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LAST month, comedian John Oliver delivered a scathing episode on tech monopolies for his show “Last Week Tonight”.
Between jokes, he laid out some key Big Tech antitrust concerns.
Apple Inc controlling the App Store. Alphabet Inc’s Google favouring its own properties in search results. Amazon.com Inc reportedly using third-party seller data to create knock-off private label products.
However, a look at the revenue profiles for each example shows that one of these things is not like the others:
> Apple’s App Store grossed US$70bil to US$85bil (RM311.64bil to RM378.42bil) in 2021
> Google search ads brought in US$149bil (RM663.35bil) in 2021
> Amazon says its private label brands account for 1% of sales, which equates to US$4.7bil (RM20.92bil) in 2021.
This is why you should read news that Amazon may be moving away from its private label business to appease regulators with a healthy dose of skepticism: Getting rid of it entirely would hardly represent much of a reform of its anticompetitive practices.,
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It’s also just not that important of a business for the eCommerce giant – in fact, it’s been a breeder of bad PR. But at a minimum, scaling it back could be good for both consumers and its larger universe of third-party sellers.
Since launching in 2009 with AmazonBasics batteries, Amazon’s private label has ballooned to “243,000 products across 45 different house brands” per the Wall Street Journal.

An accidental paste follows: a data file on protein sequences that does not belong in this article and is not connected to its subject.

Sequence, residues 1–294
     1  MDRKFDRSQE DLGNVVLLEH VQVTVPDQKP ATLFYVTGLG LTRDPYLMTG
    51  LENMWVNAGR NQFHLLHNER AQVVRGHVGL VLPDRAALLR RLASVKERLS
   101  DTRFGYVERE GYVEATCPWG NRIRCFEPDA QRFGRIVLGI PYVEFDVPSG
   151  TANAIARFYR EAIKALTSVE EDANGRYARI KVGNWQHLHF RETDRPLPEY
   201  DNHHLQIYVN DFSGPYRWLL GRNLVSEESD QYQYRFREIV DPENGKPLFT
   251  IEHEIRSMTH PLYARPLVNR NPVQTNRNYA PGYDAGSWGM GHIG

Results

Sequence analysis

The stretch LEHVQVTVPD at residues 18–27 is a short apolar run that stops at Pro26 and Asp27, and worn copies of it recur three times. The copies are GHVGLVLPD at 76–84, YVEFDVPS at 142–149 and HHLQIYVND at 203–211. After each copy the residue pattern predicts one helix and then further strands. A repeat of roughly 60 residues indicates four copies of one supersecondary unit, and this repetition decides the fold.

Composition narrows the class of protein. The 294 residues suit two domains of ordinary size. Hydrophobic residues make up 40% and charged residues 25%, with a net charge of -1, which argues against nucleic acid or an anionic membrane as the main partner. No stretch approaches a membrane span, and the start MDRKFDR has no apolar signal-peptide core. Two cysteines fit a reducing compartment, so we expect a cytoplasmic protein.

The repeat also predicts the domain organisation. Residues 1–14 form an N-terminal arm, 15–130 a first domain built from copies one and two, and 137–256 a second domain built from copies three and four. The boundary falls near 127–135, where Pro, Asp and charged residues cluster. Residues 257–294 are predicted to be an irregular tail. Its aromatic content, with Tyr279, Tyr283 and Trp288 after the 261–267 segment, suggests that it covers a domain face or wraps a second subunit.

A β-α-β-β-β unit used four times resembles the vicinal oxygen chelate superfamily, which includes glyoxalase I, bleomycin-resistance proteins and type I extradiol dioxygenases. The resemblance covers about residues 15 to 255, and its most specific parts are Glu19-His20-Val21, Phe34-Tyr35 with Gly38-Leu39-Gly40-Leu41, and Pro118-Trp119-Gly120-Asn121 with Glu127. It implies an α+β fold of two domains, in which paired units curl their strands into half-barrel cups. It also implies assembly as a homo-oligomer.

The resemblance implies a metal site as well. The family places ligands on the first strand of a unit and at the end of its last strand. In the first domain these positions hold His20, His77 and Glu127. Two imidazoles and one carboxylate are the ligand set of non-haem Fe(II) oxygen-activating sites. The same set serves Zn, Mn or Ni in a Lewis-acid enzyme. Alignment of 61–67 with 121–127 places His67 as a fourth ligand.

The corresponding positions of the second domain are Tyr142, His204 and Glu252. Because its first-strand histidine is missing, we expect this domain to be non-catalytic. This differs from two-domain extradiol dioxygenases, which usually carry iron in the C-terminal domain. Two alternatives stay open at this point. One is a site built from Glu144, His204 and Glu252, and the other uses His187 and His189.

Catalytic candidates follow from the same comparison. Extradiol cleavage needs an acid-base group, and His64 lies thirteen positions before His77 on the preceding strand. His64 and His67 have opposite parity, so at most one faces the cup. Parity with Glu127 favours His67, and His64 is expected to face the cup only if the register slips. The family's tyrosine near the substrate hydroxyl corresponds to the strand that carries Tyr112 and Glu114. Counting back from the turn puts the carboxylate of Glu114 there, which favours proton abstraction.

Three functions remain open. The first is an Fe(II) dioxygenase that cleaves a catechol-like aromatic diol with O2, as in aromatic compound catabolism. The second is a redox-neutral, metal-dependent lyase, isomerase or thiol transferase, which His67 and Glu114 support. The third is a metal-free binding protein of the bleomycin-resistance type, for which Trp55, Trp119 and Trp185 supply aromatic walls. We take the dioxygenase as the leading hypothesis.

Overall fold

And some of these products – including a laptop stand, a chair and a backpack – have been subject to high-profile rip-off allegations over the years.
When asked about the practice in a 2020 congressional hearing, former Amazon CEO Jeff Bezos gave a not-great answer: “we have a policy against using seller-specific data to aid our private label business, but I can’t guarantee you that policy has never been violated.”
Since a private label business is basically a rite of passage for any major retailer, it’s understandable why Amazon would want one.
As the tech analyst Benedict Evans has noted, private label revenue share is sizeable for other industry players, including Target Corp (33%), Kroger Co (25%), Costco Wholesale Corp (20%), The Office Depot Inc (20%) and Walmart Inc (15)%.
The WSJ notes that Bezos once wanted Amazon’s in-house brands to achieve 10% of sales. But after more than a decade, that share still hovers at 1% and the negative PR persists.
Juozas Kaziukenas, the CEO of eCommerce analytics firm Marketplace Pulse, tells me that while Amazon’s knock-off products are “captivating,” there are more “impactful anti-competitive issues” that sellers and regulators should worry about.